Spoiler-Free Reviews: Fantasia, Days 9, 10 and 11


Our journalist David A. Harris continues his cinematographic journey at the 2017 Fantasia International Film Festival. Here are his latest reviews for the movies he saw recently.

  • Kodoku Meatball Machine

Kodoku Meatball Machine is Yoshihiro NishimuraIt’s highly ridiculous film that showers the audience in a torrent of blood, practical and special effects, with copious amounts of nudity. Aliens land in Japan and infect a certain portion of its inhabitants with parasites that transforms their victims into undead cybernetic killing machines. Then they torture the humans not yet turned, or fight the other creatures that get in their way. This film is simply an excuse to shock and entertain.

The monsters’ costumes are the perfect blend of Hellraiser body horror and kid’s TV show. Each creature is unique in its own way, that it makes every fight scene a brand new outrageous adventure. It’s not surprising, but a movie of this quality isn’t without its faults. The computer-generated effects look like something out of a 90s Power Rangers TV show. Unfortunately, it doesn’t add to the charm, but detracts from it. This is a small grievance compared to the real problem. If you were to watch the trailer, you’d assume nearly the entire movie will be over-the-top action and gore. It takes a little too long for the craziness to actually begin. It starts off with a down on his lucky middle-aged man trying to make ends meet. His boss is abusive, his mother is taking advantage of him, and he doesn’t have a friend in the world. This segment goes on a little too long for a movie that relishes in its ludicrous premise.

This movie will definitely split the audience. It is either too bloody or too weird that shock value will just gross out whoever watches it, or it’s the perfect midnight Halloween guilty pleasure making the audience holler with sickness or glee, hopefully both.

  • Ron Goossens, Low-Budget Stuntman

Sick and twisted, this movie makes you laugh and question your moral compass’s alignment. Ron Goossens, Low-Budget Stuntman is a heartbreaking love story that, in a perfect world, any sane person would quickly end. Ron, to say the least, is an alcoholic. He’s a man of few words, and fewer thoughts, but has a sweet and naïve loyalty to him. His wife tasks him with an impossible chore to win her heart back: He has to bed an award-winning actress. This is where his life as a drunken nobody ends, and his life as the drunken low budget stuntman begins.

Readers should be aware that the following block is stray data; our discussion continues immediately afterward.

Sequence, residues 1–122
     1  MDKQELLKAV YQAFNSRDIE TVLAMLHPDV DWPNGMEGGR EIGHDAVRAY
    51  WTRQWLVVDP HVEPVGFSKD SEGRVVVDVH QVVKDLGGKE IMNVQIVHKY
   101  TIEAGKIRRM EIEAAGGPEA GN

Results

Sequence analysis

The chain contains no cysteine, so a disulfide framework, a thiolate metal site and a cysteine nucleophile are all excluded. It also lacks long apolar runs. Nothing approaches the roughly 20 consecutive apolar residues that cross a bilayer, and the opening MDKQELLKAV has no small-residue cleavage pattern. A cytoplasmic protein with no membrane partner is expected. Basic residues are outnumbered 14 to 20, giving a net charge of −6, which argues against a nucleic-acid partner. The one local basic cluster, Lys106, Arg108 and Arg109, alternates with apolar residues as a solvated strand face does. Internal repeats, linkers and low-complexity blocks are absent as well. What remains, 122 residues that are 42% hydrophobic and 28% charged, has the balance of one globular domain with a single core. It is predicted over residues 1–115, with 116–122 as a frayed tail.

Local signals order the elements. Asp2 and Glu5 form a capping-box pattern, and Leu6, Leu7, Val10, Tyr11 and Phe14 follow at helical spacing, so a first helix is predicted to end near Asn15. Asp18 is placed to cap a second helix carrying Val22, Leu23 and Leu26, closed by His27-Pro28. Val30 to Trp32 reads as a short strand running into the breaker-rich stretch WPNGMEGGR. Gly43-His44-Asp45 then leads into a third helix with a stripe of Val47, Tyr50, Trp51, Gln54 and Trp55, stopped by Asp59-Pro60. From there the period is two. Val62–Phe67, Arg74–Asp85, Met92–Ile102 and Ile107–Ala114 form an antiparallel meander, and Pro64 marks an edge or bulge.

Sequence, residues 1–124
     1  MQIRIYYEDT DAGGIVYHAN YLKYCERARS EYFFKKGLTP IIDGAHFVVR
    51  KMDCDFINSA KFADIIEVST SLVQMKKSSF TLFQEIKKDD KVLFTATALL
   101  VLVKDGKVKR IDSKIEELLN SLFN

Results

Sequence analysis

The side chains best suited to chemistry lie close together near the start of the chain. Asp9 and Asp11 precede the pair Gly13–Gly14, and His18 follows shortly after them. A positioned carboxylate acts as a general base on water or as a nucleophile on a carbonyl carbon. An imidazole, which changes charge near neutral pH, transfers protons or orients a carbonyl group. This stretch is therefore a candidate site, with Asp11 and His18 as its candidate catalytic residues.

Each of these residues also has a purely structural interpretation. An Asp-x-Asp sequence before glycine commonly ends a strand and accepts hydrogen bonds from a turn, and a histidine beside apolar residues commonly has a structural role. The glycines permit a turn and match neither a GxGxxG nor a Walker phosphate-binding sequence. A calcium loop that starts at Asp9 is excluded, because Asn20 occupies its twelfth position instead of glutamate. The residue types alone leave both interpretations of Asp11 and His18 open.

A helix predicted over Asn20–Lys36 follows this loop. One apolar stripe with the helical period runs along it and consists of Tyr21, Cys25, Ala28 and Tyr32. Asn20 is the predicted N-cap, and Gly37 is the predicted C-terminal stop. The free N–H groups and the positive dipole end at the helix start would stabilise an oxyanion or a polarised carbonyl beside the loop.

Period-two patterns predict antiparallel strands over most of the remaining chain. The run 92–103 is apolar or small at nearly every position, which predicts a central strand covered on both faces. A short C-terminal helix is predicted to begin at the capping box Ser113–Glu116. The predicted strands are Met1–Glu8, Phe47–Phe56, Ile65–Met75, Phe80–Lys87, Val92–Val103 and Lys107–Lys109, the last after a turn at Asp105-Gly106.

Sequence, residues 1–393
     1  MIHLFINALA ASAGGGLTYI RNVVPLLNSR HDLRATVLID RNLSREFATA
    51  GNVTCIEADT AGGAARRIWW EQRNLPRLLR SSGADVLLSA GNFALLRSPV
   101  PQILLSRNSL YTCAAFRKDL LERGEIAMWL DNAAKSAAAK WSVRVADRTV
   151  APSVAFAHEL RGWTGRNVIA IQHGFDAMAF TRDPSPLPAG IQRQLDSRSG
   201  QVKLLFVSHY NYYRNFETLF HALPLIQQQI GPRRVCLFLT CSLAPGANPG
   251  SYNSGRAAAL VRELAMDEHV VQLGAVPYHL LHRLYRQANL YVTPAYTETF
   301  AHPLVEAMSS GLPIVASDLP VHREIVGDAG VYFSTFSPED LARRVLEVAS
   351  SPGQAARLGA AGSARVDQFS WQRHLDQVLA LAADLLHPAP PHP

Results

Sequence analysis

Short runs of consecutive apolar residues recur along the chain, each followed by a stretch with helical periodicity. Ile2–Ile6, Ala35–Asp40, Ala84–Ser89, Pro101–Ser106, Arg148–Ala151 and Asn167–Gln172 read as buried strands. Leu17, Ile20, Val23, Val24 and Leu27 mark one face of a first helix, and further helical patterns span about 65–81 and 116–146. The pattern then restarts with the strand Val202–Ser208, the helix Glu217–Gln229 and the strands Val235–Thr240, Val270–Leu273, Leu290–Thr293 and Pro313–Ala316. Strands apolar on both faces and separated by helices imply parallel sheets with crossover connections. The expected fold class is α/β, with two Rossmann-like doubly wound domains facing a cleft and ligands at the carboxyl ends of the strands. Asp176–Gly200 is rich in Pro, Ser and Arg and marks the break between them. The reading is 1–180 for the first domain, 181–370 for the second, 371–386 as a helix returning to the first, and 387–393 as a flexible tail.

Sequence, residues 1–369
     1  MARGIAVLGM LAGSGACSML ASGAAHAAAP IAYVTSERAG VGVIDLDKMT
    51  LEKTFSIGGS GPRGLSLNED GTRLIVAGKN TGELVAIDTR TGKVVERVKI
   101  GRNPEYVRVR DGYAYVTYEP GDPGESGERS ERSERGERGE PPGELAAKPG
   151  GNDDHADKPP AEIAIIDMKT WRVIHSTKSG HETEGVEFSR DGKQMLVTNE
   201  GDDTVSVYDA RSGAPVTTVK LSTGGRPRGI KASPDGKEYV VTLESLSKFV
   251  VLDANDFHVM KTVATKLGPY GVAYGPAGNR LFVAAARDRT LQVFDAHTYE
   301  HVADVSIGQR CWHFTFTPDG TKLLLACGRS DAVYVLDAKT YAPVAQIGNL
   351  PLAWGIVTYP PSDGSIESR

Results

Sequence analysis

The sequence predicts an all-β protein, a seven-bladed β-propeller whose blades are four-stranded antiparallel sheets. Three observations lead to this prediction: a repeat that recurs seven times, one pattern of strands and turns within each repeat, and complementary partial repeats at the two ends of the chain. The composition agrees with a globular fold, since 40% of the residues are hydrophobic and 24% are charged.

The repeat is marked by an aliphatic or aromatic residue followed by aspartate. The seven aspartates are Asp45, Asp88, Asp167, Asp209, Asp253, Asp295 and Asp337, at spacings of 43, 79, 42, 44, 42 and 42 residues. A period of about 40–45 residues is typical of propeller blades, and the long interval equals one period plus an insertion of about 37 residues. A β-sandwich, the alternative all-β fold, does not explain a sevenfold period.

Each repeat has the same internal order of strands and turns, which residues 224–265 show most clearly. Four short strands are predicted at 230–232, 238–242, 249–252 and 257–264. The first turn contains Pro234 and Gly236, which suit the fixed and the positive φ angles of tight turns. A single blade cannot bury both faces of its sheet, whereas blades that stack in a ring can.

This movie will divide audiences. From the brainchild of New Kids, Ron is in whole a victim of his friends’ and neighbours’ abuse. He could care less for the fame, and just wishes he can be back with his cheating wife. He constantly drinks and puts his body to the test in ridiculous stunts, just so he can prove his love for a woman who despises him.

This movie reaches to the darkest depths of depravity to test how far you’ll laugh at the poor moustachioed Ron. On the one hand, Ron can be considered a subversion of the knights on his quest for glory and happiness. It makes you question what kind of treasures are worth pursuing, and what dangers will you face to get them. On the other hand, this is an excuse for the directors to abuse family members, and make a gross out R-rated slapstick comedy as a big middle finger to the overly serious Dutch cinema that (according to the creators) plagues the cinema today. Hopefully this movie will leave you laughing and groaning, making you beg for Ron’s deteriorating condition to end, and that he finds the peace he profoundly needs.

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À propos du journaliste

David Harris

David Harris has lived in Montreal his whole life. He thoroughly enjoys discussing most subjects including the arts, technology, and good food. He shows a great appreciation for good stories and dialogue, which suits his passions perfectly: television, movies, and graphic novels. But, deep down, he has to admit that his biggest love will always be with the movies and movie going experience.